“Some nights, I didn’t even know what I was talking about, but I would just crack that mic and be me," he said.

His show caught the ears of local radio personality Jonesy, who invited him to call in each day to give “the Tea.”

“I knew that once I got my feet through the door, great things would happen, so I kept calling," Mutha said. "I would call in every day from the gas station, from Dunkin’ Donuts, from the bathroom at work. But I was on that horn to give Jonesy the tea.”


Morrill said Mutha’s personality captivated the station’s decision-makers and “allowed him to be seen as someone who could be on the air.”

“He’s just got boatloads of personality,” she said. “He is who he is.”

But when the day is over, he’s swift to draw a line between Mutha and Kevin. “Some of the stuff I say on air I probably wouldn't say off air,” he said, adding that he’s avoided testy Twitter interactions in recent years.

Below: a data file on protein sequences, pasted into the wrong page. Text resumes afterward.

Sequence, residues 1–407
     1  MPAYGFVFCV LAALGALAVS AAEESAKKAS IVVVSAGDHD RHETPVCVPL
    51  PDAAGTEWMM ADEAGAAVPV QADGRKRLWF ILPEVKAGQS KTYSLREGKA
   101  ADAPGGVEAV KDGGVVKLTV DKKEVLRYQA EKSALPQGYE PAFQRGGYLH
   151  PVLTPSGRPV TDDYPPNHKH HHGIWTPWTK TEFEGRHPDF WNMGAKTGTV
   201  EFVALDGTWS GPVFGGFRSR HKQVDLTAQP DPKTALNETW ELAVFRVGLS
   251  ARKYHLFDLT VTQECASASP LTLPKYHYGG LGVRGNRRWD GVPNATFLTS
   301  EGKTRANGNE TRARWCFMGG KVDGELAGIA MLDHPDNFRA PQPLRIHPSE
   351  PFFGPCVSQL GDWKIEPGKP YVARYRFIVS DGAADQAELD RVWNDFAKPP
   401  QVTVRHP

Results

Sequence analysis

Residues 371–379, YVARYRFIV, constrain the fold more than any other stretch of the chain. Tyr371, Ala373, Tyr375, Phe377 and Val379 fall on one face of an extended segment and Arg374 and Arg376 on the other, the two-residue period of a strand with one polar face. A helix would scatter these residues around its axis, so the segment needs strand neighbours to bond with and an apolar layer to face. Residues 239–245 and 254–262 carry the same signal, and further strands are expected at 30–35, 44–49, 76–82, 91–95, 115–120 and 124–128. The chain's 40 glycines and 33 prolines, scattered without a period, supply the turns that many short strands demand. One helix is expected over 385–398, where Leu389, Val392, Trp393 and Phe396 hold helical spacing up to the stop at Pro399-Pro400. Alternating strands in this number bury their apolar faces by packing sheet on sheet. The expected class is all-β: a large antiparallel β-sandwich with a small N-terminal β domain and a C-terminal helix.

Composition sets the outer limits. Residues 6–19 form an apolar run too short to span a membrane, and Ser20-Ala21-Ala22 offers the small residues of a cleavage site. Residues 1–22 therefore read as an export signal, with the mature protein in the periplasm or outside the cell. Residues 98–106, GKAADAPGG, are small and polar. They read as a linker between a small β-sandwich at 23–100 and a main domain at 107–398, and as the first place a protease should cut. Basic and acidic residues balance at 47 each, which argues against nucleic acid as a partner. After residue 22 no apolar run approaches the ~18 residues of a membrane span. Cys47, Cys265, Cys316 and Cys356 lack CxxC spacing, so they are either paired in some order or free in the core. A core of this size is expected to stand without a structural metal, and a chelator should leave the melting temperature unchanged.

Back to school

Ceasar’s professors at the Community College of Philadelphia have zero clue about his morning job. At CCP, he’s quiet and low-key — the true Kevin.

“To be honest, I don’t want nobody to know that I’m Mutha Knows. I’m there as a regular student, just trying to get my degree," he said.

The balancing act was fierce, he said (“Just call me Wonder Woman”), juggling such classes as geometry and English with a full-time radio gig.

His return to class was rusty, he said, “I needed some oil, just call me the Tin Man.”

“Getting back in the swing of things, it was a whole new world,” he said. “I’ve been out of school for 20-plus years. Last time I was in school, Bill Clinton was the president. It was like a kid learning how to walk and start all over again.”

As he moves closer to his his degree, Mutha said he is "going to be one happy kid walking across that stage,” in May. Not because the degree was for a job, or money, but “for me, myself, and I.”